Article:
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Can you see this angel in both photos?
Look near the center -- he's there.





    

26 Feb. 2009
MEXICO 190 to Puebla
Left Oaxaca at 9:00 a.m. for a short drive to Puebla. Got there at 2:00 p.m.
The peaks of snow-capped volcanoes Popocatépetl, Iztaccihuatli, and La Malinche are visible for miles. Lore tells of a warrior, Popo, forever guarding his sleeping princess Izta. Popocatépetl has been active for over 100 years.

A bastion of conservatism, Catholicism, and tradition, Puebla feels as if the colonial era never quite ended. Unlike other Spanish colonies, Puebla was not built on top of a conquered Indian city. The city was laid out in a traditional grid with 70 churches in the historic center alone, more than 1000 colonial buildings adorned with the azulejos (painted ceramic tiles), and a long culinary history. Puebla is a UNESCO world heritage site.
 
Our local guide, Charlie, told us that the city of Puebla was designed to resemble Heaven. From the Zocalo, there are 14 cathedrals set out like Stations of the Cross.

 
Charlie arranged for us to tour Talavera Pottery, where we spoke to artists throwing pots and painting porcelain tiles. They use traditional firing techniques to produce their renowned ceramics.

Templo de Santo Domingo de Guzman is incredible. Every surface was gilt with gold leaf, and sculptures of saints and angels adorn every flat or curved surface.

Puebla was all I had imagined:  fountains, children with balloons, and orchestra in the Zocalo... I wish we could have had another day to spend in its markets and museums.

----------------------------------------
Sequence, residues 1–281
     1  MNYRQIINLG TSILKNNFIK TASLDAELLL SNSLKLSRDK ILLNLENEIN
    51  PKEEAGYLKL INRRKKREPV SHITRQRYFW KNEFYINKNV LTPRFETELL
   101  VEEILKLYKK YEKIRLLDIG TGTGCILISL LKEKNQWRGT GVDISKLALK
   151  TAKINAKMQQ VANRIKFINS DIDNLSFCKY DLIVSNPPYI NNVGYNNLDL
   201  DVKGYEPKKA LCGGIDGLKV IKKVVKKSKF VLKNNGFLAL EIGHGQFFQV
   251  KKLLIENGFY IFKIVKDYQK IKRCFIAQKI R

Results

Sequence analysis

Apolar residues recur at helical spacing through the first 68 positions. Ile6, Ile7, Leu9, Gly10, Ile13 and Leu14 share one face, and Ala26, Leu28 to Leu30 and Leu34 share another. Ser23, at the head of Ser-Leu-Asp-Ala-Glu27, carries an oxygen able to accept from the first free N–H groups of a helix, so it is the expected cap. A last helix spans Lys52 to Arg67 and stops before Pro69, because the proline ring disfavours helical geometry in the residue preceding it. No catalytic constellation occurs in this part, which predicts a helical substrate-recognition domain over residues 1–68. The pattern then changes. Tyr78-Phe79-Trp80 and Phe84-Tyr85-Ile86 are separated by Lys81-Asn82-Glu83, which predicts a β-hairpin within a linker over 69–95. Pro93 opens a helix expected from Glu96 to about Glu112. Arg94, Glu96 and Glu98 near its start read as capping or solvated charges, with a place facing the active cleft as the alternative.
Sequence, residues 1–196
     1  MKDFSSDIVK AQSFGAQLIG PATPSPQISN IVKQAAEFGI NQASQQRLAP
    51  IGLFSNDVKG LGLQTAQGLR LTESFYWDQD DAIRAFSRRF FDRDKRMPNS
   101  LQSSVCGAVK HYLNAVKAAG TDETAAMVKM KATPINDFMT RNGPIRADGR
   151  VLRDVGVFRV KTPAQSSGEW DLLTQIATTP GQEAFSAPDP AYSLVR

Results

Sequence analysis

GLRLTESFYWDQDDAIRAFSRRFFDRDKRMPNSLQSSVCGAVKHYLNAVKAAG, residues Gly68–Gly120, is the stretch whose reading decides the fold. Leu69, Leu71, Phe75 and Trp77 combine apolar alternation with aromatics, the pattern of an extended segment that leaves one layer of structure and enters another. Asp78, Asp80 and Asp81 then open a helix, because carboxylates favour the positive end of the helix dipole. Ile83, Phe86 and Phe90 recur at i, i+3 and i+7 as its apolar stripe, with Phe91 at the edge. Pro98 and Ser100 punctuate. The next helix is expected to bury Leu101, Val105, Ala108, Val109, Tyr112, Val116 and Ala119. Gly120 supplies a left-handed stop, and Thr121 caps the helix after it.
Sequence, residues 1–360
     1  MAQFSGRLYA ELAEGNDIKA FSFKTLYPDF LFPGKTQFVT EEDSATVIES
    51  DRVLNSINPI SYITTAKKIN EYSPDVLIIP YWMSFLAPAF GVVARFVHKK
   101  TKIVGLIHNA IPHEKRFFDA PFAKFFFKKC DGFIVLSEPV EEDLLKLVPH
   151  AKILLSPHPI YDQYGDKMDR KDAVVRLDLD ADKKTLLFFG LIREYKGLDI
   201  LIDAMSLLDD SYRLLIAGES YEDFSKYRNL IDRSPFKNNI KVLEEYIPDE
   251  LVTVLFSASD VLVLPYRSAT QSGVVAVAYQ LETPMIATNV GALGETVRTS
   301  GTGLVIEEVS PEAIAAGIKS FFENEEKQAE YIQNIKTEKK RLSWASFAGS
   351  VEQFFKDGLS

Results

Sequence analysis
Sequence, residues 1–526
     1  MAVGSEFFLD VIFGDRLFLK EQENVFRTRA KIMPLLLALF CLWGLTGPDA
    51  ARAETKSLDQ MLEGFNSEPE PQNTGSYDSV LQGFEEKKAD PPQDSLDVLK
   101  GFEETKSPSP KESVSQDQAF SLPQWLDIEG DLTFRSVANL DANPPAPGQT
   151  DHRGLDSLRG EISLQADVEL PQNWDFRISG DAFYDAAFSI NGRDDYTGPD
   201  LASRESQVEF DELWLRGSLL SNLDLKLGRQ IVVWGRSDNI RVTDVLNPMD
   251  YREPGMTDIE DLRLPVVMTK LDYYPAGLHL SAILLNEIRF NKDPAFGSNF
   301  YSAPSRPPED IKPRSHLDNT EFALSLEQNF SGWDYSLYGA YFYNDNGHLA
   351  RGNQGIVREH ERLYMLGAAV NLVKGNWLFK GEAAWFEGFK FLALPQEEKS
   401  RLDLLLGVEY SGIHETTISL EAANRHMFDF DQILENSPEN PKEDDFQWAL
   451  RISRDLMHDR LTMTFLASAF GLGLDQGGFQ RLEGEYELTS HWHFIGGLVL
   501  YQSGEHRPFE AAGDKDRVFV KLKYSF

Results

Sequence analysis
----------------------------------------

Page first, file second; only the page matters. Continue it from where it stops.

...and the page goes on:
Our hotel was a Holiday Inn like no other. Hotel Palacio San Leonardo was built in 1895, is adorned with crystal chandeliers and stained glass trimmings, and is listed as a UNESCO heritage site.

27 Feb. 2009
Our last day in Mexico broke clear and cool. After breakfast, I took one last stroll to the Zocalo, where newspaper distributors were handing out bundles to their venders. The magazine peddler set out his wares in stacks right on the sidewalk. We left Puebla at 8:30 a.m..

MEXICO 190 to Mexico City

All along roads near Mexico City, there were venders selling fresh fruit, building tiles, tamales, or cell phones. The world's third-largest urban area (19 milion people) fills a highland basin 2240m above sea level. Maybe that's why I felt a bit lightheaded upon arrival in Ciudad de México-- or maybe it was just the ever-visible air pollution.

Melody announced our total trip mileage from Cancun to Mexico City.

We drove 822 miles.


Departed Mexico City 4:10 p.m.  Arrived Seattle 8:10 p.m.  Got home at 11:10 p.m.
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